In conjunction with regular updates, an appropriate update strategy will keep application updates a seamless experience for your users.

Update Your Application Regularly

AIR includes an easy-to-use API via which applications can update themselves, and many developers issue frequent updates to their applications. This is not just a good idea: issuing an update at least once each time you renew (or change) your certificate is necessary to maintain the ability to update your application at all.

The issue arises because most code signing certificates are only valid for a limited period of time. (Certificates have to have a limited lifespan in order to keep them secure. The typical lifespan is one year.) Once a certificate has expired, AIR no longer permits it to be used to issue updates to an application. A new certificate has to be acquired, whether as a renewal or as a new purchase.

To secure the transition between those two certificates, at least one update to the application needs to be signed with both certificates, old and new. To facilitate this, AIR does allow the old certificate to be used (for this purpose only) for up to 180 days past its expiration date. In order to issue an update to your application, you must create an update to your application during this period in which both the old and new certificates are valid.

If you fail to create an update signed with both certificates you’ll find yourself unable to update the previous version of your application. You can still have users go through a manual uninstall/reinstall process–basically, uninstalling the old application and installing a new one in its place–but that’s clearly not as desirable.

To keep this all working smoothly:

  1. Replace your code signing certificate when it expires.
  2. Immediately create an update to your application, signed with both old and new certificates, after receiving your new certificate.

Note that you don’t necessarily have to publish the update you create each year, at least not right away. You might wait for a planned product release a month or two later, and apply both signatures to that update as well. Creating the update gives you a backup should you need it. More on this in my next post.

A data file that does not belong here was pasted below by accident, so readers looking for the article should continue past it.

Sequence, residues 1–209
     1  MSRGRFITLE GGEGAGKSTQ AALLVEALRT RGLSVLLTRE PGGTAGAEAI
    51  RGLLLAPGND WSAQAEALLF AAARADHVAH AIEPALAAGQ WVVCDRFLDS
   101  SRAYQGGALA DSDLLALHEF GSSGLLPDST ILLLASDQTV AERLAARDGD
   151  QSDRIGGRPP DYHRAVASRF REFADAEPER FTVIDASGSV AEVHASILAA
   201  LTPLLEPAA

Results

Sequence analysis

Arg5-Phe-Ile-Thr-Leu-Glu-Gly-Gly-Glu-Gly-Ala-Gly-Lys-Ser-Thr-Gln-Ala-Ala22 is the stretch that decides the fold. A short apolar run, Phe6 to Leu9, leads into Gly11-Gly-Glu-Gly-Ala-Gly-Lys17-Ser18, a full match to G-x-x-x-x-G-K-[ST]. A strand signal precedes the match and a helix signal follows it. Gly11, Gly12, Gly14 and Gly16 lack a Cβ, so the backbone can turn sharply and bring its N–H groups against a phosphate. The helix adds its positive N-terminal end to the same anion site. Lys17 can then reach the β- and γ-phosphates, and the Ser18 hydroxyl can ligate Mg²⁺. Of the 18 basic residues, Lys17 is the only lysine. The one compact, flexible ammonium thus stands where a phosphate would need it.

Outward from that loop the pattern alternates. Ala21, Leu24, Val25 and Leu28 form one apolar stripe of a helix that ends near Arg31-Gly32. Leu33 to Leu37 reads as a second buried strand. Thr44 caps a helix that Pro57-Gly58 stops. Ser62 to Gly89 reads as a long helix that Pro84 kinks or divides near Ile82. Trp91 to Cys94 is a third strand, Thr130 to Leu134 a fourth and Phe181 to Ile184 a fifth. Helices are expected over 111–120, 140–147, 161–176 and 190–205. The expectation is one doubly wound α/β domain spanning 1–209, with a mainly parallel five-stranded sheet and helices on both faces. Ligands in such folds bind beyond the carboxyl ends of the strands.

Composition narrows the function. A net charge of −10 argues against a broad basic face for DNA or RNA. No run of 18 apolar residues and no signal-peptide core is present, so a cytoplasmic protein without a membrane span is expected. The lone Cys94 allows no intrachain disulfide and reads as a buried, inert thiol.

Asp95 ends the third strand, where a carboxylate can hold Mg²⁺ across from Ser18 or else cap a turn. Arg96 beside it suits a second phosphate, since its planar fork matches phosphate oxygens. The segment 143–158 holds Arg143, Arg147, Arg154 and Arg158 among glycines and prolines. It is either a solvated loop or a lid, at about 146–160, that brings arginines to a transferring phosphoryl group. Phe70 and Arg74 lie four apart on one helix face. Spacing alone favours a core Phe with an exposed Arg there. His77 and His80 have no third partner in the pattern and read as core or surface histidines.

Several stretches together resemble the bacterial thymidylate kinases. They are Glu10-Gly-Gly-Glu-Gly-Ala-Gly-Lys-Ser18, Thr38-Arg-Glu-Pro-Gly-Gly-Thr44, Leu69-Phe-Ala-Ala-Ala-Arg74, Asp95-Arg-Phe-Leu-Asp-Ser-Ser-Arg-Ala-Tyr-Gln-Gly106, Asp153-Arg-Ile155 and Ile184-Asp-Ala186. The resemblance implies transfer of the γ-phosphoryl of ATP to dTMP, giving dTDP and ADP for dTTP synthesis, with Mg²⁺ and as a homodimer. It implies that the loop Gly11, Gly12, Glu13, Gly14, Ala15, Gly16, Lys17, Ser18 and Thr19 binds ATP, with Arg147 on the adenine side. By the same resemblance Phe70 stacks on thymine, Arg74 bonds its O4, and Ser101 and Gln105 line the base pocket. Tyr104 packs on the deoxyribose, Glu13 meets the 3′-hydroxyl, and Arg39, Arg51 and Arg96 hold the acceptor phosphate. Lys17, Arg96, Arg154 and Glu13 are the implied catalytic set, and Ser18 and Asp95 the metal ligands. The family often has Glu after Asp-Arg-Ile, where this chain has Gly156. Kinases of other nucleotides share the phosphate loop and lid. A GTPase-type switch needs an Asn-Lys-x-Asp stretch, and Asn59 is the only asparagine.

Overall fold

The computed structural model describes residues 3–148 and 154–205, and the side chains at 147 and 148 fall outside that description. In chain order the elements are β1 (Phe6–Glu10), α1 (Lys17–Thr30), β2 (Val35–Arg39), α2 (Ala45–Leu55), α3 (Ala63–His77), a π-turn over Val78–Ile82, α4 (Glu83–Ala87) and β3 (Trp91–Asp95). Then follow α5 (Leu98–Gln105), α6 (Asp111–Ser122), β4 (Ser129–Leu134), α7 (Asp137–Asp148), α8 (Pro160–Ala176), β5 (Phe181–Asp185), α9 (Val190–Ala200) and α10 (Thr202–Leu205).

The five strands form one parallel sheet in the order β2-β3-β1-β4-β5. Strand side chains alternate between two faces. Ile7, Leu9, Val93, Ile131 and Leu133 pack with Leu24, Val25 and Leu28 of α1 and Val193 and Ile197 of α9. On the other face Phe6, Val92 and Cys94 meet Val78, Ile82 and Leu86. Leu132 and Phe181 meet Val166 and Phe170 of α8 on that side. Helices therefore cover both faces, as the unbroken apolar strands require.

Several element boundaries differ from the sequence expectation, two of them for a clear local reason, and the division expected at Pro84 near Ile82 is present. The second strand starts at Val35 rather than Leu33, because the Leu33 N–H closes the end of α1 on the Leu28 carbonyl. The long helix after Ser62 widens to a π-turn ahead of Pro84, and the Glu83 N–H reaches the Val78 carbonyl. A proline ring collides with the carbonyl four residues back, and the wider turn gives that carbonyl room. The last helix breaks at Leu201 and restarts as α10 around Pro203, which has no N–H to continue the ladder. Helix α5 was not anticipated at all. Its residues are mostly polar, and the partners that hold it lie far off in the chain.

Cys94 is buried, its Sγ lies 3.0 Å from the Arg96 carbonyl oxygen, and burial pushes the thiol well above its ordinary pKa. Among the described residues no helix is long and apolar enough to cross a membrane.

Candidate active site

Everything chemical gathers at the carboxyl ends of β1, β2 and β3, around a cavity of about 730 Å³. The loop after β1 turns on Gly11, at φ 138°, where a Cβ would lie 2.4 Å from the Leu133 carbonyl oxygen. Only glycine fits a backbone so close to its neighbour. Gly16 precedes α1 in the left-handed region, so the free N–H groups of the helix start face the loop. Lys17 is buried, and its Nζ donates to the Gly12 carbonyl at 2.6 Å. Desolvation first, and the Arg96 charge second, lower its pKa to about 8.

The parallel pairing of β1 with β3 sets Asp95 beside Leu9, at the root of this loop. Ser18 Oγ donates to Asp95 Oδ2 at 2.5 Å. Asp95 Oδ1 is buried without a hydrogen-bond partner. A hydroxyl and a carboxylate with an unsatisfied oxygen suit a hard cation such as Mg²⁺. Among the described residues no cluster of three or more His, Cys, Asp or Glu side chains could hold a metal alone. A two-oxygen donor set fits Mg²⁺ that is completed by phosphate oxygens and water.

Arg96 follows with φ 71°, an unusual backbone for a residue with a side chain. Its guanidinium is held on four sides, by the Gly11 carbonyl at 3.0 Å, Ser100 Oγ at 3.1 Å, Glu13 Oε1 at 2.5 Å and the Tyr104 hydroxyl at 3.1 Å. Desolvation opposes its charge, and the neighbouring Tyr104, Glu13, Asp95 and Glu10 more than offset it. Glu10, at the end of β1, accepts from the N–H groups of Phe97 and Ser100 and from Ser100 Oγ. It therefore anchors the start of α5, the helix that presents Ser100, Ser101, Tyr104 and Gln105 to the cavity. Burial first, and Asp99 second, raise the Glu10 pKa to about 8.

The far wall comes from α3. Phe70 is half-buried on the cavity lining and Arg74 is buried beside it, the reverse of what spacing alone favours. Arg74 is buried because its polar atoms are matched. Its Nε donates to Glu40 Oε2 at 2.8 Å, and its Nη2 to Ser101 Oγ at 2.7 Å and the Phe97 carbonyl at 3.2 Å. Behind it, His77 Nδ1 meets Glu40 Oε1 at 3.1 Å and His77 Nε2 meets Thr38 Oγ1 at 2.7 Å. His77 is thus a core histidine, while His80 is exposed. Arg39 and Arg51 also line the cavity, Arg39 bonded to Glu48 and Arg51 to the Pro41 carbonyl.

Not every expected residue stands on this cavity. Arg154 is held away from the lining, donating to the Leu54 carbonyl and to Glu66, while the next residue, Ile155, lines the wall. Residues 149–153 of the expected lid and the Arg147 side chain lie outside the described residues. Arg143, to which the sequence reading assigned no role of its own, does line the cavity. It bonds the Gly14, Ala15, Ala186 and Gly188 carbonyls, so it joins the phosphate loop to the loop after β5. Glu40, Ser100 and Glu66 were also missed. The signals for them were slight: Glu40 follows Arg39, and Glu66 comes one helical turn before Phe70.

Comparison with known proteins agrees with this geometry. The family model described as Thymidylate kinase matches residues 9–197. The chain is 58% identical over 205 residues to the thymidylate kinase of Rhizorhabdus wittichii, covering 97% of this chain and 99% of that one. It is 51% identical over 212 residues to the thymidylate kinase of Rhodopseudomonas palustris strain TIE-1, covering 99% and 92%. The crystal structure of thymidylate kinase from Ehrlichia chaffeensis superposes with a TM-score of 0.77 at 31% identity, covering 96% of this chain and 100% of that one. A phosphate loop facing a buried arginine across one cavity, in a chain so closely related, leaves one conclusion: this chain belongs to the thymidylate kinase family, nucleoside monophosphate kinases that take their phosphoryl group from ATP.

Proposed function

API Tip: Don’t Abuse File.applicationStorageDirectory

It was recently pointed out to me that some applications, which shall remain nameless here, are using File.applicationStorageDirectory to cache hundreds of megabytes of files. Please, don’t do this.

The File.applicationStorageDirectory property is intended to provide applications with a guaranteed writable, unique location in which they can save important information, regardless of which platform they’re running on. The information is saved to locations that are, on typical machines, backed up. On Windows, it’s saved under “<user>/Application Data”, which also roams with the user, if roaming profiles are enabled. There’s an implicit assumption here that the amount of data being stored is relatively small–megabytes at most.

Large sets of cached files should be stored elsewhere, in locations that aren’t backed up and don’t roam. AIR doesn’t include a handy property for finding such a location, but don’t let that stop you; the filesystem API lets you access any location on disk, after all. On Windows, you can use the “<user>\Local Settings\Application Data” directory (note the “Local Settings”); on Mac OS, use “<user>/Library/Caches”.